Wal-Mart rethinks overseas strategy, nixes planned stores
Wal-Mart will slow its growth in China and Brazil in an effort to make current stores more profitable.
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For the overall U.S. business, revenue at stores opened at least a year rose 2.5 percent, including a 4.7 percent increase at the company Sam's Club warehouses. Analysts had expected 2.6 percent.Skip to next paragraph
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Wal-Mart's international business, which produces more than a quarter of its revenue, has remained strong. The company's international sector increased 6.4 percent to $32.01 billion in the quarter. Even in the United Kingdom, which is struggling with a weak economy, Wal-Mart has seen shoppers flocking to its stores because of its low prices. It says it gained market share in the period.
Wal-Mart aims to make its overseas operations more profitable, particularly in China and Brazil. Wal-Mart said Thursday that it's slowing store expansion in China. During the first quarter, it announced it was slowing store expansion in Brazil. Holley said that this would allow the team to improve its everyday low price strategy.
In Mexico, Wal-Mart said it's delaying the expansion of some of its stores in Mexico by as much as 90 days. The delay, the company said, is due to additional steps its Mexico division is taking in the real estate process. These steps include reinforcing documentation that backs real estate projects. In addition, some stores that are set to open in Mexico the latter half of December have been moved into January 2013 to allow its operations team to focus on the Christmas season.
The delay in Mexico come four months after reports surfaced that the retailer allegedly failed to notify law enforcement after finding evidence that officials authorized millions of dollars in bribes in Mexico to speed building permits and gain other favors. The company has said it has launched its own internal investigation into the bribery matter and is working with government officials in the U.S. and Mexico. Wal-Mart has also been overhauling its compliance program.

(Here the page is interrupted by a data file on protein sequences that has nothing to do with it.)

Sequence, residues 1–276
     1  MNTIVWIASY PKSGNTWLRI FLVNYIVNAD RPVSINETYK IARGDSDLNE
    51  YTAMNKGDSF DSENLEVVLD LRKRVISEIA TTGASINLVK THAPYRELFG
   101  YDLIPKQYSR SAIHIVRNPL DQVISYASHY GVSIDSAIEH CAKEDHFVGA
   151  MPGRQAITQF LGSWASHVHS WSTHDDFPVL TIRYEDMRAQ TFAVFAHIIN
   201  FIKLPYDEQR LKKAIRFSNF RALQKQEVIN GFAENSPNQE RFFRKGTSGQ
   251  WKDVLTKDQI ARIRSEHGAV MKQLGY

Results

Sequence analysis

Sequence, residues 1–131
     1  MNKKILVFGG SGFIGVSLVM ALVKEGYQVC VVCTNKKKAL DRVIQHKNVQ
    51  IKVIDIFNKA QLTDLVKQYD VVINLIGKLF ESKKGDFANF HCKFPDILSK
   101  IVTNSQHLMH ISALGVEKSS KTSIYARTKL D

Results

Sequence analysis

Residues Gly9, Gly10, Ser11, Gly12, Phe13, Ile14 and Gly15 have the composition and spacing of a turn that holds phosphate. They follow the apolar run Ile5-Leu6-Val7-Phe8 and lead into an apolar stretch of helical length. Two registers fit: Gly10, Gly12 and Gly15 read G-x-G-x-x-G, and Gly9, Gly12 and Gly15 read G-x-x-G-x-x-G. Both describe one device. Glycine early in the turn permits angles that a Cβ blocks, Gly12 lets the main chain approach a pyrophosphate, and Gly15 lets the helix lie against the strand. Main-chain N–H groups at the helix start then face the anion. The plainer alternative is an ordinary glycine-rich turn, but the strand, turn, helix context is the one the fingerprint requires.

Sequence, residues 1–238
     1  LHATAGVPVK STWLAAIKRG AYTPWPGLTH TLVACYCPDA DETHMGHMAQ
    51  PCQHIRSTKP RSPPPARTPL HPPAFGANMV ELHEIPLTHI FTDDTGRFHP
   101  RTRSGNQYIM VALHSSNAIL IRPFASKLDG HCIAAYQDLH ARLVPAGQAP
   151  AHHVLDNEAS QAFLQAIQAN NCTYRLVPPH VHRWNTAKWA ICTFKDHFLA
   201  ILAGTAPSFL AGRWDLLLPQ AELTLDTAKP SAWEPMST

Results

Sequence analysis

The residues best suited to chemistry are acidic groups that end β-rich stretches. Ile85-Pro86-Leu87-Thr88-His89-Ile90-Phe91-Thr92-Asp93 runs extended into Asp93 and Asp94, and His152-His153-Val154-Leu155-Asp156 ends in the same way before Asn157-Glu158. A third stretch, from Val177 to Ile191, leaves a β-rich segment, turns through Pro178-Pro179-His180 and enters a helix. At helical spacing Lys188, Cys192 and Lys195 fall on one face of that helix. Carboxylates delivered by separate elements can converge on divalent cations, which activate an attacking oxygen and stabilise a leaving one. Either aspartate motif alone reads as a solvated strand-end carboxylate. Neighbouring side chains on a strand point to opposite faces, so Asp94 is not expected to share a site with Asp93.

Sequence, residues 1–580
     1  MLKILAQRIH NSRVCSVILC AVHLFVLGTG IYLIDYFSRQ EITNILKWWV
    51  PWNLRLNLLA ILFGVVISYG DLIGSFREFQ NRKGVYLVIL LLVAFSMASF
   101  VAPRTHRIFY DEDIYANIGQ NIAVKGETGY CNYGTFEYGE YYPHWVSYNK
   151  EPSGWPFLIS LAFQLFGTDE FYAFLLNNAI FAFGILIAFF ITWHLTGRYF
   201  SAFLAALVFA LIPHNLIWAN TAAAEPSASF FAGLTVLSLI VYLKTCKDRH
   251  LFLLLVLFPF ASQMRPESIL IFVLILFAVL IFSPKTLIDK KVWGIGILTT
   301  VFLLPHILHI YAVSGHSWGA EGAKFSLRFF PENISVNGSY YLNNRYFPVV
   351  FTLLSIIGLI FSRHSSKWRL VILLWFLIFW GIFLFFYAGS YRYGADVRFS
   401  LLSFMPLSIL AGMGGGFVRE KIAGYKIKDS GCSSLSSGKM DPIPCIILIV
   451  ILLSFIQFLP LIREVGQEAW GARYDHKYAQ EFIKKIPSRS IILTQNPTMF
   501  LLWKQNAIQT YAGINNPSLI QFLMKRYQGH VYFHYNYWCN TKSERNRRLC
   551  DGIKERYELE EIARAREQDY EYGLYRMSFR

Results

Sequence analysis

In the latest blow, two U.S. congressmen who are doing their own investigation — Reps. Henry Waxman and Elijah Cummings — made public this week letters to Wal-Mart's CEO Mike Duke suggesting the company may have had problems with money laundering and tax evasion. Walmex, Wal-Mart's Mexico division, said in a statement that "it has no knowledge that (it) is being investigated by Mexican authorities concerning these issues."
Overall, Wal-Mart reported net income of $4.02 billion, or $1.19 per share, for the quarter ended July 31. That compares with $3.80 billion, or $1.09 per share, a year ago. Revenue excluding membership fees at Sam's Club rose 4.5 percent to $113.53 billion. Analysts had expected earnings of $1.17 per share on revenue of $114.63 billion.
The company said it expects third-quarter net income between $1.04 per share and $1.09 per share. Analysts had expected $1.05. For the full year, the company now forecasts earnings per share to be in the range of $4.83 to $4.93. That is up from Wal-Mart's original forecast of $4.72 to $4.92 per share. Analysts had expected $4.93.
Shares fell $2.45 to $72.00 in mid-day trading Thursday. Investors, who pushed Wal-Mart's stock down right after the allegations surfaced in late April, had sent shares up 25 percent since mid-May.